Farm Progress

Cultural practice play role in aflatoxin managementVariety selection is importantBiological controls also show promise

Ron Smith 1, Senior Content Director

January 31, 2011

4 Min Read

Aflatoxin can ruin a corn harvest as surely as a hail storm or a plague of locusts. Contamination may render the crop unmarketable and label production areas as undesirable supply sources.

Some Texas farmers understand all too well the stigma of aflatoxin and have endured the ignominy and have lost prime markets because of a reputation for too frequent instances of aflatoxin contamination.

They often feel at a loss, vulnerable to forces beyond their control, such as drought and heat stress. No curative treatment has been discovered for the fungus, but corn farmers do have options to decrease the potential for infection.

It takes a combination of plant host resistance, insect control, cultural practices, and biological treatments—a relatively new option—says Texas AgriLife Extension pathologist Tom Isakeit, who works out of the San Angelo Research and Extension Center.

“We need to use an integrated approach,” Isakeit told a farmer and industry audience at the recent Texas Plant Protection Association annual meeting in College Station.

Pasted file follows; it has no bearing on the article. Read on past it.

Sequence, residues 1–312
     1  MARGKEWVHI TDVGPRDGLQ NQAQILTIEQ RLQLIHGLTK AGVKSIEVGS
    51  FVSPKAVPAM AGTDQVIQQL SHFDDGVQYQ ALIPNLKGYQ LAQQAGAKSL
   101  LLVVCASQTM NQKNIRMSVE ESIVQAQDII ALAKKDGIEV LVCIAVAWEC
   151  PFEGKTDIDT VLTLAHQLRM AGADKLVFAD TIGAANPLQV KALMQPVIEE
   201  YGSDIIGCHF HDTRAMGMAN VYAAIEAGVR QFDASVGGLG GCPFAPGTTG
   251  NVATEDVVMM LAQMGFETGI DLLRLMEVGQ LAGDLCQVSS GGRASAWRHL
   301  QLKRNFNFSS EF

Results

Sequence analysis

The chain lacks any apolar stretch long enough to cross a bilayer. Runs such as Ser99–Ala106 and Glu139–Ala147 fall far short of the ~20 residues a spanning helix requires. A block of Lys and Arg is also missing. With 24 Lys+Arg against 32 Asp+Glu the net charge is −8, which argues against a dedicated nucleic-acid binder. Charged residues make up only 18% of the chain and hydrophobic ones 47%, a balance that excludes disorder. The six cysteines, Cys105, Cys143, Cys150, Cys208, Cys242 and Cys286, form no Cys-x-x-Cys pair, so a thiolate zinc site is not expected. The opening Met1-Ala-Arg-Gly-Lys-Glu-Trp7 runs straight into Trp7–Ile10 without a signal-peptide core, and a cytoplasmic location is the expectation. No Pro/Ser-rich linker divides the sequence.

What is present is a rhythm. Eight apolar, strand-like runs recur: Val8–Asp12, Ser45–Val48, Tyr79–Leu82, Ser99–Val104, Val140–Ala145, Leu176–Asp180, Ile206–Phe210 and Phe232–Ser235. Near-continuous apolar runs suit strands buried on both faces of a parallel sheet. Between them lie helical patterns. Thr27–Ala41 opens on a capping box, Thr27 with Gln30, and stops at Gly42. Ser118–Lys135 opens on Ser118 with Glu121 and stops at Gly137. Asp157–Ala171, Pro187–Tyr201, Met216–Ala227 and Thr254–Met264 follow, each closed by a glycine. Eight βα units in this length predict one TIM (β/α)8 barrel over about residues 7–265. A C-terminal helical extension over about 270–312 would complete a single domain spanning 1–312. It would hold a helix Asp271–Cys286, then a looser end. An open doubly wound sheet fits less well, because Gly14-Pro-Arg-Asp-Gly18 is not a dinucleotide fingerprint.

He said plant resistance may play a somewhat minor role for now. “We have no resistance to the fungus,” he said, “but resistance to insect pests may be helpful. But insect damage is not the sole reason for aflatoxin contamination.”

He said variety selection remains important, however. A tight husk, for instance, helps keep the contaminant out. “An ear that turns down is also an advantage, as is a hard endosperm. The fungus enters injured seed.

“Trials have shown a small beneficial effect from Bt genes. But do not rely on transgenic hybrids to control mycotoxins,” he said.

He said some hybrids appear to be “more prone to contamination.”

Cultural practices are also important. “Farmers should produce the best crop possible,” Isakeit said. He recommends producers break hardpans, use minimum tillage to conserve moisture, plant during the optimum planting window, maintain optimum nitrogen and control insects and weeds.

Biological controls recently have produced encouraging results. “We have atoxic strains of aspergillus that outcompetes the toxic strain,” Isakeit said. “We have to get it established first.”


Texas farmers have tried two products, Afla-Guard, a recently-labeled Syngenta product, and AF-36, a product from an Arizona farmers cooperative labeled for cotton but not yet corn. Both have shown promise in reducing aflatoxin levels in corn.

“But they can fail,” Isakeit said. “They both need moisture to sporulate and may fail because of drought. The material also may wash out of the soil in heavy rain.”

He said the materials are applied to the soil surface. “We are working to see how early we can apply the material. If we put it out too early, it uses up all available nutrients and if we put it out too late, it’s not competitive.”

Both products are applied on grain, either wheat or barley.

Recent experiments bear out Isakeit’s point that conditions and timing are critical factors. A trial at Weslaco “significantly reduced the amount of aflatoxin,” he said. “Another test showed no significant difference. We applied that one too late.”